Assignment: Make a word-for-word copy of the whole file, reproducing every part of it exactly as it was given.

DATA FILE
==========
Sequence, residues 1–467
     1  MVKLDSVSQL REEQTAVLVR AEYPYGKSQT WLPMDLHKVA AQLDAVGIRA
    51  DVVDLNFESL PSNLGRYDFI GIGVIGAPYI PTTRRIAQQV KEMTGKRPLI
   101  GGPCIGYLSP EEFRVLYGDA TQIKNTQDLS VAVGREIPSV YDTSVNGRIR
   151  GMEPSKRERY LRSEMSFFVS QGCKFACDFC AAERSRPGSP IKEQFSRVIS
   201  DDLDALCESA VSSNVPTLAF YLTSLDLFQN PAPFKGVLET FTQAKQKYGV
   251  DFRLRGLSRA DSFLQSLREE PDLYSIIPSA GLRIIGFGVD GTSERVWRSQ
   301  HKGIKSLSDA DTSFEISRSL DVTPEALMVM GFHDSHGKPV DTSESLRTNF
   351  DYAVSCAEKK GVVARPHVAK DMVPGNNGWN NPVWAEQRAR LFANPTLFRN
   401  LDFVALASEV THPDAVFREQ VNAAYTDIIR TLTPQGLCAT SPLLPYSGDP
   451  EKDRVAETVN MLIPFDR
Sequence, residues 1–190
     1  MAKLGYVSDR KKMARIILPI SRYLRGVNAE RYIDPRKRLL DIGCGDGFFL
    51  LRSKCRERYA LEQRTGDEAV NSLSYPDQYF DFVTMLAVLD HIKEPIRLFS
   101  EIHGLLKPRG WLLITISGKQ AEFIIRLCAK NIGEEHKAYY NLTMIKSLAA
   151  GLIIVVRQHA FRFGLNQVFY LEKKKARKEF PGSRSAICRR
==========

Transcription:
Sequence, residues 1–467
     1  MVKLDSVSQL REEQTAVLVR AEYPYGKSQT WLPMDLHKVA AQLDAVGIRA
    51  DVVDLNFESL PSNLGRYDFI GIGVIGAPYI PTTRRIAQQV KEMTGKRPLI
   101  GGPCIGYLSP EEFRVLYGDA TQIKNTQDLS VAVGREIPSV YDTSVNGRIR
   151  GMEPSKRERY LRSEMSFFVS QGCKFACDFC AAERSRPGSP IKEQFSRVIS
   201  DDLDALCESA VSSNVPTLAF YLTSLDLFQN PAPFKGVLET FTQAKQKYGV
   251  DFRLRGLSRA DSFLQSLREE PDLYSIIPSA GLRIIGFGVD GTSERVWRSQ
   301  HKGIKSLSDA DTSFEISRSL DVTPEALMVM GFHDSHGKPV DTSESLRTNF
   351  DYAVSCAEKK GVVARPHVAK DMVPGNNGWN NPVWAEQRAR LFANPTLFRN
   401  LDFVALASEV THPDAVFREQ VNAAYTDIIR TLTPQGLCAT SPLLPYSGDP
   451  EKDRVAETVN MLIPFDR
Sequence, residues 1–190
     1  MAKLGYVSDR KKMARIILPI SRYLRGVNAE RYIDPRKRLL DIGCGDGFFL
    51  LRSKCRERYA LEQRTGDEAV NSLSYPDQYF DFVTMLAVLD HIKEPIRLFS
   101  EIHGLLKPRG WLLITISGKQ AEFIIRLCAK NIGEEHKAYY NLTMIKSLAA
   151  GLIIVVRQHA FRFGLNQVFY LEKKKARKEF PGSRSAICRR